Early yesterday morning, a 16-year-old child went missing. Early yesterday morning, a woman, in desperate anguish, put out a Facebook post with pictures of her child and asked for help. By late this morning, through the power of social media, the child was found safe.
Two days ago, a Big Ten university football team played a national military academy’s football team. There was an amazing pre-game military tribute, and the half-time show culminated with the university’s marching band and the military academy’s drum and bugle corps combining to perform an inspiring armed forces medley.
Three days ago, a hungry, homeless man was given a bag of food by a volunteer who shows up daily to distribute food to the hungry. Three days ago, a wealthy woman wrote a large check to the organization that supplies the bags of food.
Every day, a parent brings a sick baby into the pediatrician’s office. A pediatrician sees how sick a baby is, and sends the child to be admitted to the hospital. Every day, a hospitalist assumes care for a sick child and sees to it that appropriate care is given.
A mother is on the far end of the political spectrum. She holds her beliefs firmly and is outspoken in her opinions and stances. Many are right there with her. Many are on the far other end of that political spectrum, and they argue. They argue intensely. Sometimes there are insults. Sometimes there is name-calling.
Every Saturday, a Big Ten football team’s fans dress in audaciously colored and outlandish garb, and cheer wildly. They boo the opposing team’s successful drives and boo the referees when a call is not in their team’s favor. Sometimes they trash-talk the opposing team’s fans.
A volunteer in a food delivery truck believes very strongly the SNAP program and government assistance disincentivizes working. He believes taxes are too high, that raising taxes disincentivizes working and being productive. He believes no one should go hungry, and that private or faith-based organizations do the best job of caring for those who cannot care for themselves. A woman who wrote a check to an organization running food delivery trucks believes that the government is not doing nearly enough to feed the hungry. She believes that taxes need to be higher, that the SNAP program is too small, and that the government should be funding the food delivery truck. The two argue on Facebook and on Twitter. When speaking with like-minded friends, they ridicule the other. There is name-calling and disdain.
A pediatrician believes strongly that we need government to get out of health care. He spends his days jumping through hoops to get needed care approved for his patients. He spends hours clicking boxes and filling out government-mandated forms that takes time away from his patients. He is sick of the bureaucracy that is inefficient and that he feels costs patients their health and at times their lives and makes practicing medicine near impossible. A hospitalist cannot understand why we haven’t yet gone to single-payer government-sponsored health care. She rolls her eyes at the arbitrariness of the admission criteria used by the various insurance companies and can’t believe the time she wastes jumping through the seemingly random and wildly diverging hoops of each coverage provider. She sees so many people without insurance who leave the hospital with bills that will cost the patients their homes. The two argue all the time. Each cannot understand how the other can be so stupid and naive, and they say so.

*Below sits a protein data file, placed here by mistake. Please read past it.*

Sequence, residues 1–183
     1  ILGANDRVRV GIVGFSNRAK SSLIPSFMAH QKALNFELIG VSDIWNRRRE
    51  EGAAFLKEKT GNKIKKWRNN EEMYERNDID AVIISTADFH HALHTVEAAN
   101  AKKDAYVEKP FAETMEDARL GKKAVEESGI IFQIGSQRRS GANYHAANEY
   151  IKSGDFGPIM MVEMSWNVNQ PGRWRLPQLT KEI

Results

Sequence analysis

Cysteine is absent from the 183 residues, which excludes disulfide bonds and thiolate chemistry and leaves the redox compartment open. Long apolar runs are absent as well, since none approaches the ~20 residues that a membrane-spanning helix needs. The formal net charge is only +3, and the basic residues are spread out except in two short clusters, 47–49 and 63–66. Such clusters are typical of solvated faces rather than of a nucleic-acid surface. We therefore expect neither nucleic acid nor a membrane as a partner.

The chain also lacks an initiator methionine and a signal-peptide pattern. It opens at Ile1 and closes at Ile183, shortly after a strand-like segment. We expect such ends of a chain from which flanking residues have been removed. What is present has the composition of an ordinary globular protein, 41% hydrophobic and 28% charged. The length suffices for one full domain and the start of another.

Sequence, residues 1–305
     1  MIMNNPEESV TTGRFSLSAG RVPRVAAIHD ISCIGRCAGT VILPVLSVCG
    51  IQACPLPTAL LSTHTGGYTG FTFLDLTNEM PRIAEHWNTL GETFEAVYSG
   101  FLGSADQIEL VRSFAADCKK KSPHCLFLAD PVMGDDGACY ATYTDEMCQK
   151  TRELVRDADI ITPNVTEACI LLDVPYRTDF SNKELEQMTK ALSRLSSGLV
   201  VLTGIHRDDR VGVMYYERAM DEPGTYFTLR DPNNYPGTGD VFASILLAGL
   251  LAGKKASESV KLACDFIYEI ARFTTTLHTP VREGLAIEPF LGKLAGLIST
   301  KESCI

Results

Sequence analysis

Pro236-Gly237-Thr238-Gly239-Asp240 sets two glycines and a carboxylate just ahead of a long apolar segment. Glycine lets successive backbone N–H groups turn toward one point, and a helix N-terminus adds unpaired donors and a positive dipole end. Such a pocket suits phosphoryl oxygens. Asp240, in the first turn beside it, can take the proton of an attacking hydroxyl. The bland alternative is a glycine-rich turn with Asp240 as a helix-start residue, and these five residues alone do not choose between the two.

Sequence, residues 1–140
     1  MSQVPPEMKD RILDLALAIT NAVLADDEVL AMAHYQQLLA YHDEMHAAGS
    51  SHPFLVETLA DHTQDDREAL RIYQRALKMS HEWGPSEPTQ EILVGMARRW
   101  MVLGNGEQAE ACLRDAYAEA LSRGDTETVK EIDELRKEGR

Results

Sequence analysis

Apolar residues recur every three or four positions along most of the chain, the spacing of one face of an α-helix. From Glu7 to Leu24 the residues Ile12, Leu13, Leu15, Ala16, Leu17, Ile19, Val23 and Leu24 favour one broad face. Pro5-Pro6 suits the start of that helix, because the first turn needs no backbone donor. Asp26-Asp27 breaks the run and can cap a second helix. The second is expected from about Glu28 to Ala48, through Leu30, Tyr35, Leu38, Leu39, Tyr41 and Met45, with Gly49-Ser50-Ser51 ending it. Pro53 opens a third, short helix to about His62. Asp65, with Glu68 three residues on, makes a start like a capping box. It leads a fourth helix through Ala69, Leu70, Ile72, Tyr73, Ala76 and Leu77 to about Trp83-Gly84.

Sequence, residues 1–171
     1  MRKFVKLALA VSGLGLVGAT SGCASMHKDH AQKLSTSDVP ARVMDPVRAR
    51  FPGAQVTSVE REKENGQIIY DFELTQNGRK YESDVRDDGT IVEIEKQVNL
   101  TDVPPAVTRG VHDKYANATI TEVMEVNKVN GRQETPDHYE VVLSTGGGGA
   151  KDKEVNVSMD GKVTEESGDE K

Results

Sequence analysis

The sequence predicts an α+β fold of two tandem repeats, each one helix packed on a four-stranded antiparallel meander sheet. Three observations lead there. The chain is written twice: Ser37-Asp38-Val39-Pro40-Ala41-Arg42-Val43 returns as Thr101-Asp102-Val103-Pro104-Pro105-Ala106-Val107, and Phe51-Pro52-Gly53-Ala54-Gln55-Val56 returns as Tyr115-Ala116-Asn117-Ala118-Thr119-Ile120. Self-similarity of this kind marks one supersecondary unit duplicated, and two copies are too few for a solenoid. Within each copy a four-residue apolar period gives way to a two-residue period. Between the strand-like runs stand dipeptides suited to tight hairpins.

Early yesterday morning, women on extreme opposite ends of the political spectrum, who argue with one another and are at times unkind to one another came together in the blink of an eye when they heard that one of their children was lost. They posted the child’s picture. They asked for updates. They rejoiced when the child was found safe.
In the week preceding Saturday’s game, the big political discussion on campus was, “wait – so do we boo the military?” The consensus was an overwhelming, “of course not.” Although there were a few scattered boos early in the game (which stood out sorely), and an occasional loud disagreement with a referee’s call, not a single person trash-talked the visiting team’s fans.
A man in a food truck who hates big government and a woman with a checkbook who wants bigger government programs, who have used some very ugly words towards each other, together enabled a hungry group of people to eat.
Two doctors who have polar opposite views of how healthcare should be paid for and administered, who frequently are angry at and resent each other, worked together to heal a sick baby.
There are some absolutes. We look for one another’s lost children. We respect the people who dedicate their lives to protecting our country. We feed the hungry. We work together to save a life.
Yes, some people are assholes. But most people aren’t. We pretty much all have the same end-goals, but disagree on how to reach them. When people have real people in distress in front of them, most people will do the right thing.
The answers to our problems are complex. They’re nuanced. There are no perfect solutions.
But when push comes to shove, with all the bitter division and partisanship and “other”ifying so prominent in our country’s current landscape, in so many instances we’re doing what needs to be done. We are able, at times, to forget the name-calling and trash-talking. We’re able to put aside the insults. We can see one another’s humanity. We notice the few jerks and glare them down.
I have not lost hope. A child is found. There is respect in a college town’s stadium full of rabid fans. A hungry person is fed. A sick child is cared for. And so it will be.